It’s often said money can’t buy happiness; yet, the passion with which wealth is pursued today would lead most to believe that it’s the only way to achieve happiness. In fact, most people are not satisfied with their current financial status, and believe that being richer will also make them happier. People constantly strive to become wealthier, and put in extra work hours, compete with co-workers for promotions and raises, and hope for a surprise windfall. Research, however, suggests that people who are materialistic and actively pursue more wealth are actually less happy and more likely to be depressed than those who are satisfied with their possessions and financial status.
For years, economists and social scientists alike have tried to understand the relationship with wealth and well-being. Some studies, especially those that compare happiness levels among nations, suggest that increased wealth may lead to more happiness and well-being rises with people’s income. However, other research, discussed on the American Psychological Association website, shows that it is not wealth, but the autonomy or freedom that is often accompanied by it that leads wealthier people to experience higher well-being. So, even though wealth by itself does not guarantee increased well-being, people actively pursue it believing it will make them feel happier.
The question then arises how much wealth is enough, and how can one truly achieve well-being? Below, we feature an excerpt from Sadhguru’s live talks where he answers this question and addresses the relation between wealth and well-being:
“What we need in the world is not just “wealth creation.” We need to create wellbeing. Wealth is just one of the tools towards human wellbeing, not the whole of it. Wealth means making the outside pleasant for ourselves. But right now, people are going at it like it is a religion. In pursuit of wealth creation, we are destroying the very planet on which we live. Whether you make a safety pin or build a computer or a car or some great machine, whatever you do, you are digging it out of the planet. Somewhere, we must decide how much to dig and how much the planet can take.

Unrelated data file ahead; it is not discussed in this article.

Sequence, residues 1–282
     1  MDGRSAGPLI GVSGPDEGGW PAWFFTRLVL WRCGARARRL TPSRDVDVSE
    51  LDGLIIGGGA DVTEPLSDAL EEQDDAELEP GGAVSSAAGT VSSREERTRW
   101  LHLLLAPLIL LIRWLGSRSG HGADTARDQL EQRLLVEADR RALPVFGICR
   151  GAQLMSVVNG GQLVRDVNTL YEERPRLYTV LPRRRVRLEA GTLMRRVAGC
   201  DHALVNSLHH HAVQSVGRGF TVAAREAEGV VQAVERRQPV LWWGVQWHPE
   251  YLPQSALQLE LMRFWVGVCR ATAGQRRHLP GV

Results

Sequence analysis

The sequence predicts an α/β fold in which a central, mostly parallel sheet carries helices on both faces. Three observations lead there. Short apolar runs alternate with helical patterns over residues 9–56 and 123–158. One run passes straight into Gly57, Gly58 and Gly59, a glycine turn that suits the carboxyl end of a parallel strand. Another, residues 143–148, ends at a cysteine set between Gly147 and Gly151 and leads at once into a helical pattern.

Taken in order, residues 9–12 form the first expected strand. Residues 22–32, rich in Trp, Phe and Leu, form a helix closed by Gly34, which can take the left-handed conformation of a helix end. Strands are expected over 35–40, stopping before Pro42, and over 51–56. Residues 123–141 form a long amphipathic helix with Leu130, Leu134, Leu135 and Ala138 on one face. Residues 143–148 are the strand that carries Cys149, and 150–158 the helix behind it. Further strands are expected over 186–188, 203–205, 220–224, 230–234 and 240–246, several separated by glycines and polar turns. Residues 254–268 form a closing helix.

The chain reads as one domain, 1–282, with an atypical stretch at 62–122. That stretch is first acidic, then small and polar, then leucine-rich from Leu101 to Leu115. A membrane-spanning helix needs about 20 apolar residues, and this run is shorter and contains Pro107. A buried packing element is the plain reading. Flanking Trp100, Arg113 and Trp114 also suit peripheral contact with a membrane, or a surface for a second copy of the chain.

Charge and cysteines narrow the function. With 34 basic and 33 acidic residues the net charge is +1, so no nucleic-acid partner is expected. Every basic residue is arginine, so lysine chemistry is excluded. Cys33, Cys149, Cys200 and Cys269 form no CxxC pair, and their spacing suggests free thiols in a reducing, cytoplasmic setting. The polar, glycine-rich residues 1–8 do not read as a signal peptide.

If we are not sensible about this, in our ideas of wealth creation we may completely destroy the planet – which we are already doing in many ways.
We must understand what our idea of wealth is. Is it just about more buildings, more machines, more cars, more of everything? More and more is death. In the most affluent societies in the world, for example in the United States of America, a significant percentage of the population is on anti-depressants on a regular basis. If you just withdraw one particular medication from the market, almost half the nation will go crazy. That is not wellbeing. Generally, an American citizen has everything that anyone would dream of. There is wealth but no wellbeing. What are you going to do with this wealth?
If I go to the West and ask them, “Why don’t you meditate?” the common statement everywhere is “But we have to pay bills.” I said, “If your whole life is about paying bills, why generate those damn bills? You can curtail yourself and live more comfortably. To pay all those bills you are just working endlessly. What is the point?”
“No the whole society is doing it.” It doesn’t matter. They are driven by somebody else. If you have any sense, you must drive yourself to the extent that you are comfortable. There maybe someone who can do a thousand things in a day without suffering or being stressed. Maybe you can do only three things in a day. It is okay. You needn’t try to do what someone else does. This is the biggest problem. We are trying to do things like someone else.
When it comes to outside situations, no two human beings have come with the same level of capability. Your neighbor may have a 100-bedroom house. Maybe he likes to live in a hotel! For yourself, you must decide how much. Trying to do things like someone else is the wrong way to approach life. We need to decide how much of what we should do in our lives – how much outside activity, inner wellbeing and social wellbeing would keep our life in a balanced way without ruining us and the atmosphere around us.
Having a good home, eating good food, wearing good clothes, are a means to living well; they are not the goals of our life. The quality of your life is decided by how peaceful and joyful you are.”
Now that you understand that wealth is not a panacea that will bring you well-being, what steps will you take to improve the quality of your life? Share your thoughts with us in the comments section below!